You pour hours and hours into interviewing the victim, her family, and her researched psychologists trying to better understand the recent rise in suicide rates at your school. After months of intense research, you realize you have finally reached the culmination of your detective work: getting approved by school administration. Unfortunately, it only takes the school principal one look at the headline for him to disapprove its print in the upcoming issue altogether. Still only a developing newspaper, this was the first time the board decided to cover a more controversial issue, and already, any prospect of doing so was tarnished. The controversial issue was intended to spark conversations in students, to spread word of the newspaper’s courageous act covering an issue so big. Without the right to publish the news as it is, many high-schools students are fixed. Multiple student journalists feel as if there is little room for themselves to understand what it means to be a journalist. And, there is absolutely no room for the news to maintain the integrity it was intended to have.
Situations such as the above have lead to the creation of the New Voices USA, a network of movements that strives to give more rights to student journalists. Specifically, the law aims to end administrative censorship, allowing students to experience the professional end of journalism; This mainly affects students in three sectors: high schools, public universities, and private universities. Each of these three divergent educational systems is independent of one another with different case law and situations; however, the aforementioned movement for these three institutions were all inspired by the 2015 movement in North Dakota that influenced the John Wall New Voices Act of North Dakota, which passed unanimously. This law gave rise to the overarching New Voices movement.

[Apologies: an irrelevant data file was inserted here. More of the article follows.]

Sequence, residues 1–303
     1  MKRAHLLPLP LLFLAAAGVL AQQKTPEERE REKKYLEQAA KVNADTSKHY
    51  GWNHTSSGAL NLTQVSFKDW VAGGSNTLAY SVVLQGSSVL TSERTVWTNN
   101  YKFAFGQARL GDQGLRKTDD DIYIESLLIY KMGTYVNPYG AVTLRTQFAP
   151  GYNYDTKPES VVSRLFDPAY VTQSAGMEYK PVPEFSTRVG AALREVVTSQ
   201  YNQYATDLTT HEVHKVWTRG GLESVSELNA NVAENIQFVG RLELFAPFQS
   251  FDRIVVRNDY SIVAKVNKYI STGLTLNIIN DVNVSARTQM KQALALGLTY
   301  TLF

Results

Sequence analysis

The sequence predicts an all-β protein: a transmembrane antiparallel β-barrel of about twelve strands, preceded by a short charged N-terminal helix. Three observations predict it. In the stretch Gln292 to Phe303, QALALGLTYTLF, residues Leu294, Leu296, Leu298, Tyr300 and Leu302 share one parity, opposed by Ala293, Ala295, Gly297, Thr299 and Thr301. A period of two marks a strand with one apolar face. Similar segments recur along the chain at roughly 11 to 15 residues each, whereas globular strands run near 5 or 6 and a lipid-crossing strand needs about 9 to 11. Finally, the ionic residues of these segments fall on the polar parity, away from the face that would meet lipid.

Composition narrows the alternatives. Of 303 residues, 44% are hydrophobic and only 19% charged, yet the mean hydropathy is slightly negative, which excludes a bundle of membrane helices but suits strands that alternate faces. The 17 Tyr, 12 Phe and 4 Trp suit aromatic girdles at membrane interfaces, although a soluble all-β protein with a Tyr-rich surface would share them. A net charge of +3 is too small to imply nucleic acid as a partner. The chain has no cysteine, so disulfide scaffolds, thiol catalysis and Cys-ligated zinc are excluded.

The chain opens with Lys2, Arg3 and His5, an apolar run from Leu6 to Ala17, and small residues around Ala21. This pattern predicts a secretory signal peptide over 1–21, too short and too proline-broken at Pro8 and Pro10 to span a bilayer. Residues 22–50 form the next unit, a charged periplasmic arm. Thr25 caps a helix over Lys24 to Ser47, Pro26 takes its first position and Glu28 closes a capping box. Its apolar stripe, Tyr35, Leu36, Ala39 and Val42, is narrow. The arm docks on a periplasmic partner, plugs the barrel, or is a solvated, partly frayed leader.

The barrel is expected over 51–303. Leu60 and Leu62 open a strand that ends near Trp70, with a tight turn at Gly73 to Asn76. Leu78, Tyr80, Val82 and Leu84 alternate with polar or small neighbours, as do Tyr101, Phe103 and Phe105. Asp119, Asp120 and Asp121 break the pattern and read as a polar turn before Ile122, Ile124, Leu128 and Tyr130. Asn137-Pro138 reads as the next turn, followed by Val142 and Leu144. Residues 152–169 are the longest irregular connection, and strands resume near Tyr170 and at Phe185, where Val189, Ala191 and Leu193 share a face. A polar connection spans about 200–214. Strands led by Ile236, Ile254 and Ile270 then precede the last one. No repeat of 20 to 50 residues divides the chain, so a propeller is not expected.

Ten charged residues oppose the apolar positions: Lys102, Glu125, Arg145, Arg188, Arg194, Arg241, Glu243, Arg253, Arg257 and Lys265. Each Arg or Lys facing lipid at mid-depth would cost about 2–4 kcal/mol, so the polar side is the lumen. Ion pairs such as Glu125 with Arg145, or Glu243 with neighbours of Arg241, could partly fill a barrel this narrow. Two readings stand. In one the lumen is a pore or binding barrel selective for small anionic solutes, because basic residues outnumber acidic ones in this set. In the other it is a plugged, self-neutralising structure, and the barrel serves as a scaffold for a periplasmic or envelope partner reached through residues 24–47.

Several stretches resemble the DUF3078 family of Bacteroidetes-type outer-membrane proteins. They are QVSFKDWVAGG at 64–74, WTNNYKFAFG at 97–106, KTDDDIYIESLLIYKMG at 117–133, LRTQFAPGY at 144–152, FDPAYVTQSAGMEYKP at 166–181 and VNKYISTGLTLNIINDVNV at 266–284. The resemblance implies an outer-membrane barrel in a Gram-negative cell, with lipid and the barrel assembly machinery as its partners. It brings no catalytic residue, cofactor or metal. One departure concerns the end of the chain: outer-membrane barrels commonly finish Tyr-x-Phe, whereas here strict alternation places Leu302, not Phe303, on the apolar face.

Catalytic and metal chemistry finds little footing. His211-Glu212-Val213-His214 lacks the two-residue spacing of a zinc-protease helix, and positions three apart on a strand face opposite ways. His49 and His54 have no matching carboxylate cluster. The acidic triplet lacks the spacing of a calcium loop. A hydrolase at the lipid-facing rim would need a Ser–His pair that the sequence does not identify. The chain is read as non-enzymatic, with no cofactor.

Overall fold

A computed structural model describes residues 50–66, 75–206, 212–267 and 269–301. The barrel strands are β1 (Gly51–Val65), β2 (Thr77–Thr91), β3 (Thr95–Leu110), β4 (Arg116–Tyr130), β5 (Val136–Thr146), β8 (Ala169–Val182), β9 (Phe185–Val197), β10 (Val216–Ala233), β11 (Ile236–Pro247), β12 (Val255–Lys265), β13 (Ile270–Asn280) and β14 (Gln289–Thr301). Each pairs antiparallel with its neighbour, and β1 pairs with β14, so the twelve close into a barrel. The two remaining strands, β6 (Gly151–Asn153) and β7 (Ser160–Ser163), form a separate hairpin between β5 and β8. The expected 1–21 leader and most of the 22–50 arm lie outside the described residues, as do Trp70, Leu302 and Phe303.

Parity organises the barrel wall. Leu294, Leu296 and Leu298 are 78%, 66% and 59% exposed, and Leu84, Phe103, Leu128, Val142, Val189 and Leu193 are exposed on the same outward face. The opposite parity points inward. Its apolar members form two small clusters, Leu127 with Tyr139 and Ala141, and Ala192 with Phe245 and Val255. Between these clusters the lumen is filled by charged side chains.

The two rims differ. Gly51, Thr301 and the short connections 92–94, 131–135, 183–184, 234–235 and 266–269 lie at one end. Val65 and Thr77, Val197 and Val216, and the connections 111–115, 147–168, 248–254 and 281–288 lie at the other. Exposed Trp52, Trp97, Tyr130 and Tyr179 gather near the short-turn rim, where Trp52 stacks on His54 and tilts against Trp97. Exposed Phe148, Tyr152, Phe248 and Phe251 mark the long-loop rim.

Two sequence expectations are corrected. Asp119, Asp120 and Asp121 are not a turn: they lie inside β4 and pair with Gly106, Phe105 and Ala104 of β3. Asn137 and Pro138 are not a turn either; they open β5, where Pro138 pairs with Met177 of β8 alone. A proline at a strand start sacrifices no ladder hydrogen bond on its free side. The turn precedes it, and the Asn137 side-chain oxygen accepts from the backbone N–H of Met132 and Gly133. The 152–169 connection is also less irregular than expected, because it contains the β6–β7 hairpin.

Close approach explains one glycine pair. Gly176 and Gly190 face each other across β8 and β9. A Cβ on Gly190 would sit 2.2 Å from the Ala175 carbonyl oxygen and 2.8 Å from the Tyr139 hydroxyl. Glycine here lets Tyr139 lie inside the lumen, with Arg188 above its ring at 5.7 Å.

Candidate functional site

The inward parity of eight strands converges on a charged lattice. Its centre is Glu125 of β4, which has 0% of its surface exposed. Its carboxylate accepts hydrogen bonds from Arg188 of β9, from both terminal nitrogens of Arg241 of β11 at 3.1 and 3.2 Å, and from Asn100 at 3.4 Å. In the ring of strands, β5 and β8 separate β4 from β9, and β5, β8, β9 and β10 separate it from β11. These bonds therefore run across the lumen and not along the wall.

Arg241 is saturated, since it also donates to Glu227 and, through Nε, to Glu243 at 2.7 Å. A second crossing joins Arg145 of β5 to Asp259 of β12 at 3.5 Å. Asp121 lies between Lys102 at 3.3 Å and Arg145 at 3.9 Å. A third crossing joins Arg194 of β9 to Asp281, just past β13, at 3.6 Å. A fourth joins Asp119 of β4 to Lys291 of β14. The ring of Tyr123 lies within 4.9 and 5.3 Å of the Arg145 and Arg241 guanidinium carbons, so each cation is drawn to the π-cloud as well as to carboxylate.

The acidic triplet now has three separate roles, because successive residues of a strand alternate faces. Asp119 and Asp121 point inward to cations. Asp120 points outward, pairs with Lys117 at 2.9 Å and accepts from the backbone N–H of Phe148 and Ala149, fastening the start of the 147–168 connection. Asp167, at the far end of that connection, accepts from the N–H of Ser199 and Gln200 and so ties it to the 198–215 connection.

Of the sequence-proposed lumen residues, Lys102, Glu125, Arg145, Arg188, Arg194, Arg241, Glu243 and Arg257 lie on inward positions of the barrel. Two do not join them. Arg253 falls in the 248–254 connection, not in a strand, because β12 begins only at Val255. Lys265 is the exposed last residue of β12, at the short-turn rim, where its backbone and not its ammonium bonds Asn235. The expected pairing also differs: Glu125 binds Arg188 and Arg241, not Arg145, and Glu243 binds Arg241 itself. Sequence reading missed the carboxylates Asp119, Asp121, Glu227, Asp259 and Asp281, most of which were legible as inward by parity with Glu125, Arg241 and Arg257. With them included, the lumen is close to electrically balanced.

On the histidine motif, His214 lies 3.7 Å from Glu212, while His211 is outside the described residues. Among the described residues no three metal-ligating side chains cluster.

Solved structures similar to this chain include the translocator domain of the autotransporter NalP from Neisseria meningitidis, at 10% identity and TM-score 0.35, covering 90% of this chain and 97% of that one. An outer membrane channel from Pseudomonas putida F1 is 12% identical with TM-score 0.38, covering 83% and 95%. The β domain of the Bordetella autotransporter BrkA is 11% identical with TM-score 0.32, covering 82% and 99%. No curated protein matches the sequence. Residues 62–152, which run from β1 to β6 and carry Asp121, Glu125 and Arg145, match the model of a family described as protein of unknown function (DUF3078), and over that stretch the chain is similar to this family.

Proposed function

In high schools, the New Voices legislation will restore the Tinker Standard of 1967, which protects high school student’s speech unless it is deemed libelous, a clear invasion of one’s privacy, or a present danger or disruption of the school in which it is published. However, the Hazelwood decision of 1988 bestowed censorship rights for administrators by allowing them to easily justify censorship of legitimate speech in curricular settings.
Not only does this clearly pertain to high school students, but it also affects college students bound for professional careers in journalism. Specifically, this law will foster a more welcoming environment for student voices and expression. Currently, the Hazelwood standard applies only to high school students and treats college students as professional journalists. This creates the possibility for college students to get entangled in complicated court cases, as a result of incorrect interpretations of their writing. During the Hosty vs. Carter case, Dean Patricia Carter ordered that the printer of their college newspaper, The Innovator, stop printing unless the stories are pre-approved by administration. This ruling helped in reversing some of the negative consequences of the Hazelwood standard, which offered no protection to college students.
Students all across 50 states of America are reporting with a bad incentive that consequence is just around the corner, sitting at a desk with a red stamp of disapproval. New Voices strives to be the future; it strives to reinvent journalism.